Despite differences in the bacterial load between larval diet treatments, the survival of infected flies was similar during the first 4 days PI. Infected flies might only start dying when the number of pathogenic bacteria reaches a certain level defined as ‘bacterial load upon death’ (Duneau et al., 2017), and this level may not have been reached only a few days after infection. At 15 days PI, however, infected females that were reared on the sugar-rich larval diet survived at a greater rate compared with those kept on the protein-rich larval diet. Several hypotheses can explain these results. First, a lower bacterial load at the early stage of infection might have slowed down the time required to reach the ‘bacterial load upon death’ in the infected females fed the sugar-rich larval diet. Second, it has been previously shown that infected flies reduce total food intake and shift diet choice towards a sugar-rich diet which promotes their survival after infection (Nguyen et al., 2019). We also found that infected adult flies ingested a lower P:S ratio compared with PBS-injected flies (similar result to that in Ponton et al., 2020). Further, flies from the sugar-rich larval diet group tended to ingest less protein than individuals from the two other larval diet groups, which might provide them with better resistance to infection for the positive effects of anorexia on host defence. Third, the female flies raised on the sugar-rich larval diet might have invested more in immunity at the expense of other life-history traits. This is supported by studies in birds and insects showing the negative correlation between immune function and developmental time (Boots and Begon, 1993; Rantala and Roff, 2005). For instance, female moths reared on a sugar-rich larval diet allocate a lower proportion of their mass to the development of their ovaries (i.e. invest less in reproduction) compared with those on protein-rich diets (Colasurdo et al., 2009). Hence, female flies fed the sugar-rich larval diet potentially prioritize their immunity over developmental time (see also Stefana et al., 2017, for a similar discussion). Also, fat content serves as a crude estimate of the size of the fat body, the major immune responsive tissue in insects (Hoshizaki, 2012). Because body lipid reserves were higher in flies raised on the sugar-rich larval diet, it is possible that their immune system was more efficient at fighting the infection. Further explorations of the immune status, reproductive output and longevity of females raised on the different larval diets would provide insight into the effects of the juvenile nutritional environment on resource allocation and potential trade-offs between immune traits and other life-history traits.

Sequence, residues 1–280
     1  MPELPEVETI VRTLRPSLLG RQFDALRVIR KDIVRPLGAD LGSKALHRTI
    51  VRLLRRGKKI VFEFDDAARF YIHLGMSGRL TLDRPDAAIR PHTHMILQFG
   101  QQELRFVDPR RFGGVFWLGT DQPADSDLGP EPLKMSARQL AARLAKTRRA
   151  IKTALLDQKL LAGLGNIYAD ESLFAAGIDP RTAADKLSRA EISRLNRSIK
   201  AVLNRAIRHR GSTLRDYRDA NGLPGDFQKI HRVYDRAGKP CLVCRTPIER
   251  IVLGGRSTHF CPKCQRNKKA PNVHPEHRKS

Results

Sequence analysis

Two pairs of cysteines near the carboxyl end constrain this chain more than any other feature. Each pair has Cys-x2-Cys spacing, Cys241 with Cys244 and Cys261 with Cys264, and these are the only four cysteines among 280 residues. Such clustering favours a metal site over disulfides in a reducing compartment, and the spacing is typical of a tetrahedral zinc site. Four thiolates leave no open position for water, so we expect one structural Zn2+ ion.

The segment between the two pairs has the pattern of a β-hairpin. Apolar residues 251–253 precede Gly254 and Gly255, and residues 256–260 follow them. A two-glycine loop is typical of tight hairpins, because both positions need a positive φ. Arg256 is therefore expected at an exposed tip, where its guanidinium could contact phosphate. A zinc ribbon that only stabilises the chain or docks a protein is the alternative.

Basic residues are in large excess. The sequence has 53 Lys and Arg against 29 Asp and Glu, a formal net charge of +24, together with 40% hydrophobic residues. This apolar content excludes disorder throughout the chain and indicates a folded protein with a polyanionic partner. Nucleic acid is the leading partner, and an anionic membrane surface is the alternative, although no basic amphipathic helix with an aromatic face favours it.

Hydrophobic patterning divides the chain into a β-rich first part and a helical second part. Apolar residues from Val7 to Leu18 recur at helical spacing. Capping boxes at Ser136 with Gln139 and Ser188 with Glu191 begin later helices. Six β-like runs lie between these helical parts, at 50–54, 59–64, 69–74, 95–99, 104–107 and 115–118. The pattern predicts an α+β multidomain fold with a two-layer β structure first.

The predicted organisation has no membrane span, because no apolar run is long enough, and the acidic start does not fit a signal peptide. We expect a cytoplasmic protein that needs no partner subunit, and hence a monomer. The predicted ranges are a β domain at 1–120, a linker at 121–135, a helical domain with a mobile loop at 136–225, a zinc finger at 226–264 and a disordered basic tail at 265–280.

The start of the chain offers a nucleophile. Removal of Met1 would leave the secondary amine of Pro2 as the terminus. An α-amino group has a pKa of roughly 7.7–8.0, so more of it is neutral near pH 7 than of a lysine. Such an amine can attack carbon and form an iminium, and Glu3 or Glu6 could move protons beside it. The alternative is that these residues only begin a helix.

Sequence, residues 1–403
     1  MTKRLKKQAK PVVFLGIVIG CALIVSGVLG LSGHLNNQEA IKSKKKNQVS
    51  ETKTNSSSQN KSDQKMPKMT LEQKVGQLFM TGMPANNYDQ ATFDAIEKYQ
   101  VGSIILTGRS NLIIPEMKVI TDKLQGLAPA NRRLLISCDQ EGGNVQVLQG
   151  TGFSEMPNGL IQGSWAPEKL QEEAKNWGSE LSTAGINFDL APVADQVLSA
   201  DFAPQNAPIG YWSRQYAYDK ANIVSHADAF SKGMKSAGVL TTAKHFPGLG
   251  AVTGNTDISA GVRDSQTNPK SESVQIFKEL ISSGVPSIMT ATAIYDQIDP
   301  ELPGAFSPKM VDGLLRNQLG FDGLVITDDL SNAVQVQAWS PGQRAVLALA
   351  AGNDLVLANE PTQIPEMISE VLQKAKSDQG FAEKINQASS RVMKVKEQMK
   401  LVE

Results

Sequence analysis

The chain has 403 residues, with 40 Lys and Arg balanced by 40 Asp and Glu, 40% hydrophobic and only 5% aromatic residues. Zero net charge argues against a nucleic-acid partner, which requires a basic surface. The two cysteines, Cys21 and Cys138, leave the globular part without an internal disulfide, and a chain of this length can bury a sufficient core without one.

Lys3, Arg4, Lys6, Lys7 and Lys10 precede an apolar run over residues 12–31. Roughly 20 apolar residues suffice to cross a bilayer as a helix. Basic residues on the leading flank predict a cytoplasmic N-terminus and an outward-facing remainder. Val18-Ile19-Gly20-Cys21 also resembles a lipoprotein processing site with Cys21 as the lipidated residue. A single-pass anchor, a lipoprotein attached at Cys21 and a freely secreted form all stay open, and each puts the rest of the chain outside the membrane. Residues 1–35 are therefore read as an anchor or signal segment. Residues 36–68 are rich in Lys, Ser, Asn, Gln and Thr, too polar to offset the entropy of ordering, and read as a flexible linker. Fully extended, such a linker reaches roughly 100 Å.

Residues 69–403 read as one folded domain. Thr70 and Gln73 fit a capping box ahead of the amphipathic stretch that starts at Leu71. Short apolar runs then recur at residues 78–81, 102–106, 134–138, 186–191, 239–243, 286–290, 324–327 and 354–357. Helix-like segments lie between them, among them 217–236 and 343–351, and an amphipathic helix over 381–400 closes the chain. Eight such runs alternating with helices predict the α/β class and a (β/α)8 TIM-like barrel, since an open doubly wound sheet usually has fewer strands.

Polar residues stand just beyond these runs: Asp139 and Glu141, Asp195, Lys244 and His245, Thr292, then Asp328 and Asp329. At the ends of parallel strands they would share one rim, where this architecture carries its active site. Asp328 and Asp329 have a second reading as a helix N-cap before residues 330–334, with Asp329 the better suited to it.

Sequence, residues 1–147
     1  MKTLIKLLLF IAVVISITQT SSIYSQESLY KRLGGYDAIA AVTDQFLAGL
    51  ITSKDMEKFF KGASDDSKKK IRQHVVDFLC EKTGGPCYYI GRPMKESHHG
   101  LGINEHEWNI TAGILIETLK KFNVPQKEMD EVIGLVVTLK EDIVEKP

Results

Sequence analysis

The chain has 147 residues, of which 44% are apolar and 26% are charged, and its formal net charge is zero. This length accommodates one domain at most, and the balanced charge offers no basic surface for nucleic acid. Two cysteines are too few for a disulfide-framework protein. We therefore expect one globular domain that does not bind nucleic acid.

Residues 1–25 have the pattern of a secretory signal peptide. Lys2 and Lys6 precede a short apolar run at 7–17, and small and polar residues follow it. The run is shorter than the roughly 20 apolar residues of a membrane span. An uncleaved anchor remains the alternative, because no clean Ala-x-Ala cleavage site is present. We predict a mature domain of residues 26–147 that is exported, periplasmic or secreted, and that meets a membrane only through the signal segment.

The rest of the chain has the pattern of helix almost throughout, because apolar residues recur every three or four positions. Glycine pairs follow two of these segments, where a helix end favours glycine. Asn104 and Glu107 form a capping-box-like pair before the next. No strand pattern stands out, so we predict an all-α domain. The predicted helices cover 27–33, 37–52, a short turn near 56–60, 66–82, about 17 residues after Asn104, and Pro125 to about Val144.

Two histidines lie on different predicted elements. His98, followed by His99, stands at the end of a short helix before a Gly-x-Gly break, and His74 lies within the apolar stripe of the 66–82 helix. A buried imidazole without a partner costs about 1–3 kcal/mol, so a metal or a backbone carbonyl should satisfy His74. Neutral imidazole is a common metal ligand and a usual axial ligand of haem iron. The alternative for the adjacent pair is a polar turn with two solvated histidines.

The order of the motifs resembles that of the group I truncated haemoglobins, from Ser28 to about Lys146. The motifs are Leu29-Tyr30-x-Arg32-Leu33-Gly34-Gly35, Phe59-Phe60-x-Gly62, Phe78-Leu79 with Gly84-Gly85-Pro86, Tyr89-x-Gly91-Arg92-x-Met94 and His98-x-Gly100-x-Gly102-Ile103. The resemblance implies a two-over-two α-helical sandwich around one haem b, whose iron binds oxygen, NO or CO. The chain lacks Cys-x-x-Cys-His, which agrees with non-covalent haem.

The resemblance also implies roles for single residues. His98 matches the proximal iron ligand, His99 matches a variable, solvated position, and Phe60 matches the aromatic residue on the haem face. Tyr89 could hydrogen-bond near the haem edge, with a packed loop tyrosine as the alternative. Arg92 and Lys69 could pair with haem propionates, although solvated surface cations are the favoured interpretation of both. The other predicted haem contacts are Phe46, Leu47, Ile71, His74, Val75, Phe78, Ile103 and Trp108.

Early-life environment, including nutrition, can be used to predict future adult environment, and individuals can develop proper behaviours to respond to environmental challenges in later developmental stages (Langenhof and Komdeur, 2018). The higher survival rate of the infected females raised on a sugar-rich larval diet might suggest that an unbalanced diet at the larval stage can act as a cue for higher disease risk in adulthood, and flies on this diet might invest more in defence (see also Linenberg et al., 2016; Kelly and Tawes, 2013; Boots and Roberts, 2012; Ben-Ami et al., 2010; Mitchell and Read, 2005). This does not, however, explain the sex-dependent effects in our results.